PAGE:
Upon arriving, the instructors wrapped our hands with wraps and slipped on our gloves. Jumping onto the mat, I was ready to go. I didn’t think twice about the intensity of the new sport, because of my history as a swimmer and runner. Oh, boy was I wrong. Fifteen minutes into the workout I was only half as sweaty as everyone else, but I felt sick. My head was spinning and my sweat had turned cold. I remember thinking, “If I punch that bag one more time I am definitely going to throw up”. Ripping my gloves off as fast as I could, I stumbled over to the bathroom. My mom found me a few minutes later, kneeling on the tile floor, arms on the toilet as I waited for the shaking to stop. “What is happening,” I thought? “Why can’t I handle a few push-ups?”

Food and hydration, or lack thereof, has an enormous impact on our general well-being. I later found out that a bonk was not what I had experienced at all. A “bonk” occurs when the primary endurance energy source in our bodies, glycogen, is depleted. This occurs after long strenuous training of more than two hours and when the body has not received the adequate amount of carbohydrates to sustain long-term exercise.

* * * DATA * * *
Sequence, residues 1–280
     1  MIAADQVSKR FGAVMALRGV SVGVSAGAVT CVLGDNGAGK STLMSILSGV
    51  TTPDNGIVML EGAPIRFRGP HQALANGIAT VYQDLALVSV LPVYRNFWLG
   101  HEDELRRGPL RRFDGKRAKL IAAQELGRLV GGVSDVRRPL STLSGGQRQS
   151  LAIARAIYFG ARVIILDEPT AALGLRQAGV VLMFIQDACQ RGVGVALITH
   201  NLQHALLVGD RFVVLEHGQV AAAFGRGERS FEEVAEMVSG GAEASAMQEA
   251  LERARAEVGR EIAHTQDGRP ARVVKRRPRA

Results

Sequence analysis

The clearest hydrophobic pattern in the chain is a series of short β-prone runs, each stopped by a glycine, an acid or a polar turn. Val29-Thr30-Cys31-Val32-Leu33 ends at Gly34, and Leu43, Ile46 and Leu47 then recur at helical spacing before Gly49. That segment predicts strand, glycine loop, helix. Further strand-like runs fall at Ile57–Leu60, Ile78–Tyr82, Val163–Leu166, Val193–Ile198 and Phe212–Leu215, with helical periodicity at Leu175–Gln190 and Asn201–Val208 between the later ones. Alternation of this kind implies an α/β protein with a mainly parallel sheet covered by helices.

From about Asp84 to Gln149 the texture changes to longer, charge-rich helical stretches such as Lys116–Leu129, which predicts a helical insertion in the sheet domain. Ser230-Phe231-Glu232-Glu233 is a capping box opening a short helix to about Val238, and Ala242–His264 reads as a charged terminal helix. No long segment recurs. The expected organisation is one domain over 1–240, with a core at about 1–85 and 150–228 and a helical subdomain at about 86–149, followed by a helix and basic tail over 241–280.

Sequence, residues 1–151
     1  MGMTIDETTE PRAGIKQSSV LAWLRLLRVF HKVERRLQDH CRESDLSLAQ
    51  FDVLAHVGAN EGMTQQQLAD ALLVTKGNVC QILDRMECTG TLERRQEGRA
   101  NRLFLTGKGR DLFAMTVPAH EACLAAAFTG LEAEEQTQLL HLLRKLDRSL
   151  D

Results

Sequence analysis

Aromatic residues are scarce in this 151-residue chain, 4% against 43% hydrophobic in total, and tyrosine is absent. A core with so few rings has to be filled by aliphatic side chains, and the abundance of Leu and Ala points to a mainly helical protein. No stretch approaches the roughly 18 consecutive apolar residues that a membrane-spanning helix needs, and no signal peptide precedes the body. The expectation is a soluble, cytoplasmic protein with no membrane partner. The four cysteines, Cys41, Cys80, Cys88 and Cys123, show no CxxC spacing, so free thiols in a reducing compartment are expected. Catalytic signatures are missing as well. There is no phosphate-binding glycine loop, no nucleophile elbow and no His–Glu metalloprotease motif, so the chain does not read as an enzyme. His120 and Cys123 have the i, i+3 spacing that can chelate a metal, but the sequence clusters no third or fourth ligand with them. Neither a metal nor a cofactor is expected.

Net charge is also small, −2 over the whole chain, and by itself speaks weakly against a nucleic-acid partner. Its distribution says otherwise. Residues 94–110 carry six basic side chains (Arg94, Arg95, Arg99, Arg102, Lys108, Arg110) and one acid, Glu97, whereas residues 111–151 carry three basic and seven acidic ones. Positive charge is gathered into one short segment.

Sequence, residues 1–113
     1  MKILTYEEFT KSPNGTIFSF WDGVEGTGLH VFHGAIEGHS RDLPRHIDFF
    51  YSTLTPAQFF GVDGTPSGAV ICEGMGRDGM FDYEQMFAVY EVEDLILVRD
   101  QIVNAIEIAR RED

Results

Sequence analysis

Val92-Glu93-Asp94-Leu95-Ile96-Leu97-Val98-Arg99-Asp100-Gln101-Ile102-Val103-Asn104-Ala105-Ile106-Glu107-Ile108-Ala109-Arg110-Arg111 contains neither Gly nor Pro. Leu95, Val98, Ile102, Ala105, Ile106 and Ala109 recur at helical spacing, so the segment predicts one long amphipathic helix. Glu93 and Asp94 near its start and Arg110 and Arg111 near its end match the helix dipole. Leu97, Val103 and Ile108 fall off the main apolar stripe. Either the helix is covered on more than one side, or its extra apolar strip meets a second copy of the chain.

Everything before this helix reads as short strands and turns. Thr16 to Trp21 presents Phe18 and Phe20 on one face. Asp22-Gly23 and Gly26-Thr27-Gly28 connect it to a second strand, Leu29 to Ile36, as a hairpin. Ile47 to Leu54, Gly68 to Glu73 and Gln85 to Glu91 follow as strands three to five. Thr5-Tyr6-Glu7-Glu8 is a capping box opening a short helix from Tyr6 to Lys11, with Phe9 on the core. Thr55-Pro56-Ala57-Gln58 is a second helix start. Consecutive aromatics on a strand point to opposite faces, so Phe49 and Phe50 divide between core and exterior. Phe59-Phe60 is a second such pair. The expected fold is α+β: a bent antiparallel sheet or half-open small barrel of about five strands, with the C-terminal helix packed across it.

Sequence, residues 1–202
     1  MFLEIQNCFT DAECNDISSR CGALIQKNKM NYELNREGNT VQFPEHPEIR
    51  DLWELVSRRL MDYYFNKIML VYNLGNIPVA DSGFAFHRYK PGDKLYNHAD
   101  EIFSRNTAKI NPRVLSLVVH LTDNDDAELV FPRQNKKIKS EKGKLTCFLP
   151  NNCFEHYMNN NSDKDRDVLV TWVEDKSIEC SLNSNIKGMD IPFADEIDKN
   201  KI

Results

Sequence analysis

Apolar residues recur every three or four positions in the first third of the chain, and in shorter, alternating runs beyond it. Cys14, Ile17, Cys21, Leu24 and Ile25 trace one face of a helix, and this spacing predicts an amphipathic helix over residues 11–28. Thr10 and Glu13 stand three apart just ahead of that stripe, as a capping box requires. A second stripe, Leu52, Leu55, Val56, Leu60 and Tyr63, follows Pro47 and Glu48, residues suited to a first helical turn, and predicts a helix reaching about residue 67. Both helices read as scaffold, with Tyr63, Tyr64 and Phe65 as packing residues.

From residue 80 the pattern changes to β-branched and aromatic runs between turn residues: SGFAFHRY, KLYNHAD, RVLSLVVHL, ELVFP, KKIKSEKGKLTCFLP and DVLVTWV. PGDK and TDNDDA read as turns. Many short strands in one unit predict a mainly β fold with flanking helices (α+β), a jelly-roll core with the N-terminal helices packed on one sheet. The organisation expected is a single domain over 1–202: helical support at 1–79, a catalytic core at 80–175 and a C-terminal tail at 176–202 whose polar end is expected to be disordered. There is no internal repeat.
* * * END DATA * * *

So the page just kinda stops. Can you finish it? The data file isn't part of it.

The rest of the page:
When you are forced to stop exercising after completing high-intensity activity for less than an hour it is typically not your glycogen expenditure that is limiting your abilities. As it occurred in my case, I was hypoglycemic, which is a condition you experience if you don’t have enough to eat.

       To ensure successful races and training sessions there are many things endurance athletes can do to keep those glycogen reserves full. It is important to consume adequate fuels before, during, and after training. Eating before you train will ‘top off’ your tank, especially if it has been several hours since your last meal. Make sure to replenish during a workout as well if you can with quick homemade recovery drinks or even the commercial versions at the store. After training, it is particularly key to eat a diet that is 40-65 percent carbohydrates, although the optimal value varies from person to person.

       For more casual athletes, these classic good habits are the best way to start a well-balanced lifestyle that will ensure you always have the option to choose good health. Here a few good habits to start that will help make sure you never have to experience a bonk or even feel hangry, meaning feeling irritable due to hunger, again from improper nutrition.